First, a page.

Tuesday, August 18, 2009

Hope for hurting parents

Hope for Hurting Parents of a Sick Child

There is nothing more devastating to a parent than to see your child suffer from a disease or serious illness. Whether a particular health issue presented itself before birth, upon delivery or years later, parents' grief, worry and discouragement over an ill child can at times be almost too much to bear.

The feelings of helplessness often seem overwhelming. If you could, you would change places with your child in an instant. And in a time where so much is focused on your child — as it should be — parents' lives can easily whirl out of control, with their own needs forgotten or suppressed.

With doctor appointments, second opinions, testing, trips to the pharmacy, updates to loved ones, and so on, there's not much down time left for you.

When you find yourself feeling stretched almost to the point of breaking, there are healthy ways to gather strength to cope, and in turn, reflect hope to your child.

  • Be honest. It's OK to grieve. It's OK to be angry. You need to be honest with God and yourself in order to work through the emotions that accompany a child's serious illness or special needs situation. But then channel those feelings in the right direction. Exercise out your frustrations. Journal your grief. Record your thoughts of love to your child through letters, scrapbooks or home videos. Talk with your spouse: Share your feelings and don't stop communicating.
  • Get educated. The Internet is an incredible tool you can use to learn more about your child's illness — but it can also induce incredible fear. It's best to not spend too much time researching. Learn what you can, but use discernment. Stick with official medical Web sites for information and case studies. These sites will direct you to other parents who know what you're going through or support groups you can lean on for encouragement.
  • Lean on others. You can't do it alone. You may try, but you and your child will suffer. Don't be afraid or too proud to receive help, support and encouragement from friends or family members. In fact, you ought to ask for it! Surround yourself with people who care and are willing to pitch in by babysitting, helping with housework, shopping for groceries or simply offering a listening ear. Sometimes, it can also be beneficial to talk with an objective person who can help you deal with the issues you're facing. Our staff of licensed Christian counselors is available to offer encouragement, as well as provide referrals to other professional counselors in your local area.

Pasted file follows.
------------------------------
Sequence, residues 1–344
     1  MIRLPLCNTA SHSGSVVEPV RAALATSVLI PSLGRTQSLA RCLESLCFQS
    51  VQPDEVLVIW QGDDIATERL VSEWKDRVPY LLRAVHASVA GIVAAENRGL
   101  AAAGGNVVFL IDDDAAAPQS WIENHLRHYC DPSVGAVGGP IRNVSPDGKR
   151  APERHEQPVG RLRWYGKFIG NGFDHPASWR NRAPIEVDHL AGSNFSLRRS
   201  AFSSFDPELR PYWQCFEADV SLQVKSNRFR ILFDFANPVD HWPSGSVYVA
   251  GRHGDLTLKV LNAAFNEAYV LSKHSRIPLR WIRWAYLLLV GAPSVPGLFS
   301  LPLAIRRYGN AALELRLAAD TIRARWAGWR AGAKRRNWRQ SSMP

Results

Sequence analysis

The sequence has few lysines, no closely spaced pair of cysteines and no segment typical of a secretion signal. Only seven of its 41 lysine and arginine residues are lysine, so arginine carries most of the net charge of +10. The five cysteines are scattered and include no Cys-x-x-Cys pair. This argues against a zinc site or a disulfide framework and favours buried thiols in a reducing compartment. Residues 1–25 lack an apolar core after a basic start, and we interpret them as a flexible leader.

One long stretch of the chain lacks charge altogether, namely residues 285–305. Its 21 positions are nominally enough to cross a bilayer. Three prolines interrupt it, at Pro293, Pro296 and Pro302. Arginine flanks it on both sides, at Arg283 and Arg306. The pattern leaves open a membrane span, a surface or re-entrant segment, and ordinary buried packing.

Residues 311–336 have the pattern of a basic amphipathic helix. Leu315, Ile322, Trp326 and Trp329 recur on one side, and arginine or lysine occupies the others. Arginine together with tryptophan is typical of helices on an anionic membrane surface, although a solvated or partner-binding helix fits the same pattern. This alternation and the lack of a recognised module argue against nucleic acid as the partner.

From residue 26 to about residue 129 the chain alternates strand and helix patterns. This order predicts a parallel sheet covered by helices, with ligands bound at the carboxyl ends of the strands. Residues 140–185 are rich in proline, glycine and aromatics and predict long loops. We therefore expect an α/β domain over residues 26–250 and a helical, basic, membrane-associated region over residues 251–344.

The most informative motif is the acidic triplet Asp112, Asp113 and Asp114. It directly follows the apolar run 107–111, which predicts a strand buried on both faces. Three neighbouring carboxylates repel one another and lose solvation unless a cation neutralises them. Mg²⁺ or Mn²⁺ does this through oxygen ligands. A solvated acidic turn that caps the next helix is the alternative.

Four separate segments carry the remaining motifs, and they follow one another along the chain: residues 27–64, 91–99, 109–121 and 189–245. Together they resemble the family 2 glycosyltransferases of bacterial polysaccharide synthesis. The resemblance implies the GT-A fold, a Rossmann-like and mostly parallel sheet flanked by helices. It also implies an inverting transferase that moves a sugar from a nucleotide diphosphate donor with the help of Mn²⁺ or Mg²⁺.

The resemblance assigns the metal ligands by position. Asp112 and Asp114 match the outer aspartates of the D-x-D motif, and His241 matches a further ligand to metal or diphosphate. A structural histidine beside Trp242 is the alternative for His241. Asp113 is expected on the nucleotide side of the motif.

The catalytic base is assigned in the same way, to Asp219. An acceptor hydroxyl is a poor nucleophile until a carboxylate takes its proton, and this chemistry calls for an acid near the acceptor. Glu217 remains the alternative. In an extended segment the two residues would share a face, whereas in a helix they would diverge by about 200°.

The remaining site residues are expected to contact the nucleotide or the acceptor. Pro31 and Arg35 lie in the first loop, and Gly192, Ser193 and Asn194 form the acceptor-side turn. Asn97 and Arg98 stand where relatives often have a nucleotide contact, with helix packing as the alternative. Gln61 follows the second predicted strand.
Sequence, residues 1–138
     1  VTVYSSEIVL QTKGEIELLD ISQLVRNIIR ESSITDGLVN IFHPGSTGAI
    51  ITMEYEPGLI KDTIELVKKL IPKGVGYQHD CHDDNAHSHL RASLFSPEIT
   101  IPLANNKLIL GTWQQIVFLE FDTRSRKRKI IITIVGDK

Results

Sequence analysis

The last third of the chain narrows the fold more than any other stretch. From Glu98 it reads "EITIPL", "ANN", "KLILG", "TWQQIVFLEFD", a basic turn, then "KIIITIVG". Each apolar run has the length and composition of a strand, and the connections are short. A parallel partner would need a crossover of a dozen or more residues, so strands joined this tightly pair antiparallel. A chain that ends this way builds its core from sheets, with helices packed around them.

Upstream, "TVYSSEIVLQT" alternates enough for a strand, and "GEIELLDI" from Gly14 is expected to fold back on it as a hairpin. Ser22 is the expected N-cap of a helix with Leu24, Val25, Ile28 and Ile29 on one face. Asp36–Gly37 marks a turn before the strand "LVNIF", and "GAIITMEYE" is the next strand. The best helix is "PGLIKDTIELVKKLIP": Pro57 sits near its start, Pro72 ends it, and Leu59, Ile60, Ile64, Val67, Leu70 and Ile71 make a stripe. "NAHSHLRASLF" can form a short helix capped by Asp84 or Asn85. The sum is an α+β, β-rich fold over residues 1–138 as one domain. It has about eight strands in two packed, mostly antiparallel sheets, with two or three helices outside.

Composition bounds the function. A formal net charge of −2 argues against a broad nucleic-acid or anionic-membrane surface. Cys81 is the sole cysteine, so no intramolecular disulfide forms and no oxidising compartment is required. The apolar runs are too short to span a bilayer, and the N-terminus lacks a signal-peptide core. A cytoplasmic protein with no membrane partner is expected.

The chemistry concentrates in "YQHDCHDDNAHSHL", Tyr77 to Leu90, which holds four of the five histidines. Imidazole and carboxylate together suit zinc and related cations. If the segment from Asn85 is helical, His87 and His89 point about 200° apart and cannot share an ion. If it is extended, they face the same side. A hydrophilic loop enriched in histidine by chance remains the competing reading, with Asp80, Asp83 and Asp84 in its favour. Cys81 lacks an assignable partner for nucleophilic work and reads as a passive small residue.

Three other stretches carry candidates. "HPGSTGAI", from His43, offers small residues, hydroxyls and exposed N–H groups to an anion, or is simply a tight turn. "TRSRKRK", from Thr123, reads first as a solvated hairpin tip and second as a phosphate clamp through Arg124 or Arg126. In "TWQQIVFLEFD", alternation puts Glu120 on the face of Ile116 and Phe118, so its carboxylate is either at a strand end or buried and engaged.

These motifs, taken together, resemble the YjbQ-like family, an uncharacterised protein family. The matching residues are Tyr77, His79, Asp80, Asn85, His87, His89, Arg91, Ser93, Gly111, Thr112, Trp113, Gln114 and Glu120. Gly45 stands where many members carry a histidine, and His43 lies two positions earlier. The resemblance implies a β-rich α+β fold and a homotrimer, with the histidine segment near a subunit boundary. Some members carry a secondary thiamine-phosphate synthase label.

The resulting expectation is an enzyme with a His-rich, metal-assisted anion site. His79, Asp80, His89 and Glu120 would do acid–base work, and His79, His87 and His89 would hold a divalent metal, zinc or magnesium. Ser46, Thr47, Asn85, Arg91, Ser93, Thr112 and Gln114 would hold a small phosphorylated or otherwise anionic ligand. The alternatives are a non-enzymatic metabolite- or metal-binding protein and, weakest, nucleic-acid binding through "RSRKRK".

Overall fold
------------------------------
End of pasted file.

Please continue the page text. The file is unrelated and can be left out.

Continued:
• Be good to yourself. As any parent of a sick child knows, this is a very real dilemma. On the one hand, the focus needs to be on your child to help him maximize his health and abilities, get well, or endure. But on the other hand, your child needs you to be healthy, strong and in control. And you can only be this kind of model for your child if you take care of yourself by eating right, exercising and getting plenty of sleep. If you feel you don't have time to do this, eliminate other things from your life and make the time. Your mental, physical and spiritual health is critical to your child's health.
  • Remember to laugh. A child's illness is serious. That's why it's vital for you to help her find sweet relief by not taking every moment of the day too seriously. When your child sees you doing this, she will follow suit. Laughter is contagious and is a good medicine. It will make you both feel better.
  • Trust God. Do you believe everything happens for a reason? If you trust God, you can feel safe knowing that He is in control of your life and has His hand upon your entire family. The most critical way to cope with your child's illness is to surrender it all to God. Ask Him to help you trust Him to take care of your little one's life. He created your child, and He can heal and restore that precious body, too.
  • Whether you've been dealing with a child's illness for a long time or have recently received a devastating diagnosis for your young one, know that one of the best ways you can help your child is to learn to cope with courage.

    So, hang in there. While it's true that you may not be able to take away all of your child's pain and suffering, your love will continue to heal and nurture his heart.

    1 comment:

    Anonymous said...

    Wow Ricki, I guess you left me that book for a reason I have tears just reading this so I guess I have many many issues and all I DO IS STUFF IT AND KEEP ON TRUCKIN' I am sorry because the last thing I would ever want to do is hurt you anymore than you must feel at times already ...we will get through this together and with the help of Jesus. I am so very proud of you, I love you. Mommy